Breach, Threat Management, Data Security, Incident Response, TDR

White House calls Sony hack a “serious national security matter,” gov’t mulls proper response

Sony Pictures has scrapped the Christmas movie release of “The Interview,” a film that stirred threats from hackers believed to have stolen and leaked sensitive data belonging to the company – but the U.S. is reportedly mulling over its own response to the attack, now deemed a national security issue.

On Thursday, White House Press Secretary Josh Earnest told reporters that senior members of the intelligence community as well as law enforcement officials were following the Sony hack. NBC News posted a video of Earnest's media address.

“This is something that's being treated as a serious national security matter,” Earnest said of the Sony Pictures attack. “There is evidence to indicate that we have seen destructive activity with malicious intent that was initiated by a sophisticated actor. It is being treated by those investigative agencies, both at the FBI and the Department of Justice, as seriously as you would expect.”

Earnest added that the cyber attack has been the subject of daily meetings occurring at the White House.  

A month after attackers hacked into Sony Pictures Entertainment's network, sensitive, damaging and embarrassing information is still leaking out to the public. Now, new reports suggest that the Obama administration is considering taking action in response to the attacks, and hasn't ruled out cyber retaliation against believed perpetrators acting under North Korea's direction, or financial sanctions.

Earlier this week, hacker threats against Sony escalated, from promises of leaking more stolen information, to 9/11-style attacks on movie theaters showing “The Interview,” a comedy about a planned assassination on North Korean leader Kim Jong Un.

On Thursday, James A. Lewis, director and senior fellow of the strategic technologies program at the Center for Strategic and International Studies (CSIS) told that, as far as he was concerned, skepticism over attributing the attacks to North Korea is misplaced.

“It's something the North Koreans have done in the past – I don't know how much more people want,” Lewis said, referencing similar attacks on South Korean organizations (by the Dark Seoul cyber gang) last year. “What they've done in the past has been entirely directed at South Korea, the new thing here is targeting the U.S.”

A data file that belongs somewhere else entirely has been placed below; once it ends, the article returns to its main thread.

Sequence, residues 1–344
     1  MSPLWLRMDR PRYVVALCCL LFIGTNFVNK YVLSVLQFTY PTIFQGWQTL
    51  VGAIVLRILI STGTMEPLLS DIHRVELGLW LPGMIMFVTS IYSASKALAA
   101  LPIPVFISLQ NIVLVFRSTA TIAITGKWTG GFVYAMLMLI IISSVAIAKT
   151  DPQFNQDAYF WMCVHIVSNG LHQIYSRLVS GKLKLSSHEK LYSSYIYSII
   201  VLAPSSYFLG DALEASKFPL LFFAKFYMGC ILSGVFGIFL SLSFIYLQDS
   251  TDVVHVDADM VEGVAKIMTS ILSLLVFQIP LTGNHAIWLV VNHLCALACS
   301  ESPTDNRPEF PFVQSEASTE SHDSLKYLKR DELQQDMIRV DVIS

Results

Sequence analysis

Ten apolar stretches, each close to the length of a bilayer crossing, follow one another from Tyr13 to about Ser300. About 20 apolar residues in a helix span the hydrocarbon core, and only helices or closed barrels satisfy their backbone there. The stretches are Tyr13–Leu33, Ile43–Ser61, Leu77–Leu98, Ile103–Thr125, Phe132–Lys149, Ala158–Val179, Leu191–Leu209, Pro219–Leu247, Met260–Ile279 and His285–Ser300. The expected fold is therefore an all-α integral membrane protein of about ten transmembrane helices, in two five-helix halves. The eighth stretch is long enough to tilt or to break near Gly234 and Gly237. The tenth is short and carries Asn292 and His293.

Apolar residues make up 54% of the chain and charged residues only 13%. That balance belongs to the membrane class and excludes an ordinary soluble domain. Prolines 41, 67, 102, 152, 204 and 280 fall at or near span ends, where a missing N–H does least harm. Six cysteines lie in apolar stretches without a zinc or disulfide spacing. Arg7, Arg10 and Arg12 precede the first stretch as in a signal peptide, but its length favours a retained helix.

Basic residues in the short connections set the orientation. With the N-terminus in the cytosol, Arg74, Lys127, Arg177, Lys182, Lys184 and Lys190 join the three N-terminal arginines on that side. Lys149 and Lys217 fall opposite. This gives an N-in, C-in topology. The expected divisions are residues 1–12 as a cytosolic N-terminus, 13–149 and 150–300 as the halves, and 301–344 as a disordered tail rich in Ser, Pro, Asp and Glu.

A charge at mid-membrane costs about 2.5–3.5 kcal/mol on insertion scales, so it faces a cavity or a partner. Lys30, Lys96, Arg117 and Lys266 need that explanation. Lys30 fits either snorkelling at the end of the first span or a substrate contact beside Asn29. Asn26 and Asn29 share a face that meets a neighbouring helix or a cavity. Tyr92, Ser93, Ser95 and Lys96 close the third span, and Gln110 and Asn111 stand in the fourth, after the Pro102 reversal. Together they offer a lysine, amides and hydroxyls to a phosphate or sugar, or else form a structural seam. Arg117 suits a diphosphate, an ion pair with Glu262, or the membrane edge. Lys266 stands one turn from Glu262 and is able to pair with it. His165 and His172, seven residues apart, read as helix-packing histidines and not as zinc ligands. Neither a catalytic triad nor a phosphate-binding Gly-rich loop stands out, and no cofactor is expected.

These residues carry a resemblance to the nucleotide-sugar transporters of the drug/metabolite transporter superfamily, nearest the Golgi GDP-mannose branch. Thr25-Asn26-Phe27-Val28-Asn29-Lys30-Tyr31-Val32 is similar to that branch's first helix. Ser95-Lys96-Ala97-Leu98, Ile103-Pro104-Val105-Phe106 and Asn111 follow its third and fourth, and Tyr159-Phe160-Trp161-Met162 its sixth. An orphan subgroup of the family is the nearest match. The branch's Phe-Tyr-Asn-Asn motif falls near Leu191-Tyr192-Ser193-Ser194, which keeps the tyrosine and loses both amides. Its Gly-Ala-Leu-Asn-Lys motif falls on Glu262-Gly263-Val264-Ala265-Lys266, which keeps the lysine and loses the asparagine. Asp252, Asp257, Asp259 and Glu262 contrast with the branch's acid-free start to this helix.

Earlier this month, the FBI issued a confidential “flash” alert to businesses, warning that data-wiping malware had been used in a U.S. attack. The alert quickly led to speculation that Sony was the intended target of the attack, given the timing of the memo.

Jim Penrose, EVP of Cyber Intelligence at Darktrace, told in a Thursday interview that, beyond attribution, the bigger concern lies in what steps will be taken next to mitigate future breaches of similar scope.

“I think that's fundamentally the biggest challenge to companies and governments – how do you react in a decisive way that mitigates the threat…and not alienate your allies in the process?"

Penrose explained that cyber self-defense might entail making systems inoperable in locations indirectly involved in cyber attacks, as hackers often rely on infrastructure in various places to pull off malicious exploits.

It was reported this week, for instance, that hackers leveraged the network of a Bangkok hotel to leak Sony data.

Penrose added that the government should act to set policy “that holds people accountable without alienating allies around the world that might be willing to help.”

“That's the challenging policy issue for the government,” he noted later. “How do you actually establish these cyber norms we are trying to achieve?”

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